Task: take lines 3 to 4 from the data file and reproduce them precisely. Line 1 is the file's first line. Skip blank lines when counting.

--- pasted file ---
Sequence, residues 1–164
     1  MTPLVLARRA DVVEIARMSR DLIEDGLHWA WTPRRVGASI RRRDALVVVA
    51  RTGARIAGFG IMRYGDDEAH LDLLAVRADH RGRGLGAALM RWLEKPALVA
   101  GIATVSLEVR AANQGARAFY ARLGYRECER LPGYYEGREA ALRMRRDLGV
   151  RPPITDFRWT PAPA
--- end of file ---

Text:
    51  RTGARIAGFG IMRYGDDEAH LDLLAVRADH RGRGLGAALM RWLEKPALVA
   101  GIATVSLEVR AANQGARAFY ARLGYRECER LPGYYEGREA ALRMRRDLGV